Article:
“Google Inc. reached an agreement with CBS Corp. to carry the broadcast network on its soon-to-be-launched web TV service, people familiar with the matter said,” Joe Flint and Shalini Ramachandran report for The Wall Street Journal. “The deal made CBS the first major TV network to sign on to the new TV service, which will be housed on Google’s YouTube platform and is likely to premiere in early 2017.”

“Google also is near an accord to distribute channels owned by 21st Century Fox and is in advanced talks with Comcast Corp.’s NBCUniversal and Walt Disney Co., the people familiar with the matter said,” Flint and Ramachandran report. “The new service, dubbed Unplugged, aims to be a low-cost option targeting consumers who either have resisted subscribing to traditional pay-TV or cut the cord due to rising subscription costs. Google is looking to offer a ‘skinny’ bundle of live TV channels with a price in the range of $25 to $40 a month, according to media executives who have heard the pitch.”

“Apple Inc. has explored putting together its own discounted online TV bundle, but ran into issues securing media rights on the terms it wanted,” Flint and Ramachandran report. “Beside CBS, other channels from CBS that will be part of the YouTube offering include Pop and CBS Sports Network. 21st Century Fox channels under discussion include Fox Broadcasting, Fox News, FX, Fox Sports and National Geographic Channel, the people familiar with the matter say, while Disney-owned channels that could be part of the service include ABC, ESPN, Disney Channel and Freeform.”

Read more in the full article here.

MacDailyNews Take: Well, at least somebody is capable of getting ink.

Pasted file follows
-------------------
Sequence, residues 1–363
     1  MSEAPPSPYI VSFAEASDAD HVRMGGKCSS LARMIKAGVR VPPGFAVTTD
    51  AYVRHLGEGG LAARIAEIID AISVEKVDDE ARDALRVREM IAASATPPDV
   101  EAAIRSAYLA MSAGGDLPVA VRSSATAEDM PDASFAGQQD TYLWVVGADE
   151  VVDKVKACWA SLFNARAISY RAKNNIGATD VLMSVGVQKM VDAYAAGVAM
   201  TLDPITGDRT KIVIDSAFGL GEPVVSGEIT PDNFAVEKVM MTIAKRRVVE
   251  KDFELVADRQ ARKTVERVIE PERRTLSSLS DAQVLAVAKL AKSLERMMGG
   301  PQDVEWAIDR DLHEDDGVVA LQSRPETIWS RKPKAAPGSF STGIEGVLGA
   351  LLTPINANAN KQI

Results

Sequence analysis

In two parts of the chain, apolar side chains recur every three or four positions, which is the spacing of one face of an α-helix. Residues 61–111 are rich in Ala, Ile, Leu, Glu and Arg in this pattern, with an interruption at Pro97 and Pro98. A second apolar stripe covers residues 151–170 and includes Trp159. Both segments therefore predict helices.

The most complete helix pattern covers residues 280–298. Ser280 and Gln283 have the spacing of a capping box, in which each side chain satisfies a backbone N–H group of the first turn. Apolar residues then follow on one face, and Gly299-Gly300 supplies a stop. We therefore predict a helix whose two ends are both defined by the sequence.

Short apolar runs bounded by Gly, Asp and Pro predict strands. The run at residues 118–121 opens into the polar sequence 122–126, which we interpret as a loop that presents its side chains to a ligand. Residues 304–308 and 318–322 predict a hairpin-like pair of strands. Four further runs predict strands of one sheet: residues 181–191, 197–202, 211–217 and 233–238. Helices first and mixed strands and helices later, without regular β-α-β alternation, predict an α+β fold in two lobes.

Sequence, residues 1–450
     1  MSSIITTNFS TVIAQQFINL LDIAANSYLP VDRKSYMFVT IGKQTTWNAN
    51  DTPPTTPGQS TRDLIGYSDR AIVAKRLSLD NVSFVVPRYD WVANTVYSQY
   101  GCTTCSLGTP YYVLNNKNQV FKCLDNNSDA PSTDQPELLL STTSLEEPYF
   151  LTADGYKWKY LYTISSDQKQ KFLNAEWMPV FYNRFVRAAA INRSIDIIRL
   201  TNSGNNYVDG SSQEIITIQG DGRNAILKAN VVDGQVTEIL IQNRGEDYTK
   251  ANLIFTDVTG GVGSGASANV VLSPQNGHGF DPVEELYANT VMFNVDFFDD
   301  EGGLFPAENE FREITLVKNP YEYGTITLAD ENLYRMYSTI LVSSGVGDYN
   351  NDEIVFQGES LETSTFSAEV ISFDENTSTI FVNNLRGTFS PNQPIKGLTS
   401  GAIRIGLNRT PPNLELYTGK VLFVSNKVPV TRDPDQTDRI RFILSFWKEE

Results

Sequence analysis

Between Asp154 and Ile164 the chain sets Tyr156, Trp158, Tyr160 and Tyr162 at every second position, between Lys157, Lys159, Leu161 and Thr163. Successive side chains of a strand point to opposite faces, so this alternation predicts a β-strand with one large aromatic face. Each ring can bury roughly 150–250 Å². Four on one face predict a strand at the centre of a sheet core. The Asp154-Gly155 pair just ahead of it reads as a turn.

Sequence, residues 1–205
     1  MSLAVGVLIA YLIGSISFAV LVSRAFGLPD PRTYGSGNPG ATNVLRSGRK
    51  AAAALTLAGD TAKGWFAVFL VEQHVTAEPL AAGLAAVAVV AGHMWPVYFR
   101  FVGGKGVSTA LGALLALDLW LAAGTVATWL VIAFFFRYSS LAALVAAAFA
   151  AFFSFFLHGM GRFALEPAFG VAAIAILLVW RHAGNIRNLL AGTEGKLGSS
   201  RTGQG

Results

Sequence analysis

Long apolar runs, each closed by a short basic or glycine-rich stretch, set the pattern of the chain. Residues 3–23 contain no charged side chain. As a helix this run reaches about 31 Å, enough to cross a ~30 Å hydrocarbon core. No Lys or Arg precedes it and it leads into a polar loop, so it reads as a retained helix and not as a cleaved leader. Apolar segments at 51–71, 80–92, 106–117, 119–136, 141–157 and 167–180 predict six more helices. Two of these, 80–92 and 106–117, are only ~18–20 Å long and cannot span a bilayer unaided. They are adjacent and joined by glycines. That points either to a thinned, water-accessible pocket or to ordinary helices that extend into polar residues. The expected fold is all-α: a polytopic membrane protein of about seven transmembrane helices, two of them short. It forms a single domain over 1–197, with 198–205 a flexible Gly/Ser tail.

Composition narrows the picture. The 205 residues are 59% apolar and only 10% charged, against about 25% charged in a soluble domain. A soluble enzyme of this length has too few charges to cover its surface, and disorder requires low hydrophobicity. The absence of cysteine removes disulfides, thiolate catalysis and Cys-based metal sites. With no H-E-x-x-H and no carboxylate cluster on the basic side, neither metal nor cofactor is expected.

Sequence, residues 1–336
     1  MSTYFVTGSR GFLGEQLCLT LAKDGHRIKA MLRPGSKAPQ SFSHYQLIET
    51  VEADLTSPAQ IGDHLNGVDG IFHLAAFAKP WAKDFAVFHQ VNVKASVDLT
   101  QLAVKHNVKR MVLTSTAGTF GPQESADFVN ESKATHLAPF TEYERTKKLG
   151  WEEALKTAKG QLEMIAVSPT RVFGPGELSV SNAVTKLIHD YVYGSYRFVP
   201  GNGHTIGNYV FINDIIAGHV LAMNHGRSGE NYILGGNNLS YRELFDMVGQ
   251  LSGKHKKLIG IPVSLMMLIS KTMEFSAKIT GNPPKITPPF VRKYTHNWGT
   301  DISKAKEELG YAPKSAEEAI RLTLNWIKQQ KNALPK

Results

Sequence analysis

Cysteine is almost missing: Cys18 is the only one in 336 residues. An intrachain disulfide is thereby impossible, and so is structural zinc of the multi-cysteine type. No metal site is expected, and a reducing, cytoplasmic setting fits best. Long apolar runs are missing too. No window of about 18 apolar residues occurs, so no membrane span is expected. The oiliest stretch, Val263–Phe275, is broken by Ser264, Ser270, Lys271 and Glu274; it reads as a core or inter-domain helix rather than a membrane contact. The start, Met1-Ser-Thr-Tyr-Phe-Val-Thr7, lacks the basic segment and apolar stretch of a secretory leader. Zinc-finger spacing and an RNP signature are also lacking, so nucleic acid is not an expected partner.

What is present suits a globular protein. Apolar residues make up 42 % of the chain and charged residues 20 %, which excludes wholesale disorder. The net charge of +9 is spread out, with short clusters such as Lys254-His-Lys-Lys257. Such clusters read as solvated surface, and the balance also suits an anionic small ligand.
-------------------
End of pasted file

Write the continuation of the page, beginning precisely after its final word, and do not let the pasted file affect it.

It’s quite possible that without Steve Jobs’ help, Eddy Cue couldn’t get ink in a stationery store. Just kidding (sort of)! But, boy this is taking eons to accomplish, isn’t it? — MacDailyNews, November 5, 2015

As we wrote last December: “It’s 2015. This should’ve happened already. At this rate, America will back on the moon before Eddy Cue gets the contracts inked. So, before we’re dead, m’kay?”

Apple’s Internet TV service, if it ever happens, would have to have ESPN. It will also likely require the “Big Four” networks (ABC, CBS, Fox, NBC) – although it could launch with three out of four and eventually hammer out a deal with whichever one is being the most reticent. That said, at this late date, Apple might as well wait until they have a full dance card.

What else would you consider to be must-haves?

Beyond the Big Four, if you go by primetime ratings (total viewers), the top 20 U.S. cable networks are:

1. ESPN
2. Fox News Channel
2. USA
3. TBS
4. Disney
5. Discovery Channel
6. History Channel
7. TNT
8. HGTV
9. Nickelodeon
10. AMC
11. Adult Swim
12. FX
13. Cartoon Network
14. Food Channel
15. Lifetime
16. ABC Family
17. Syfy
18. TLC
19. Hallmark
20. Investigation Discovery

Source: Nielsen estimates, Live plus-3 for 12/29/14 – 12/16/15 (M-Su 8-11 p.m.)

SEE ALSO:
Apple’s Eddy Cue alienated cable providers and networks with an assertive negotiating style – report – July 28, 2016

[Thanks to MacDailyNews Readers “Fred Mertz” and “buzzy” for the heads up.]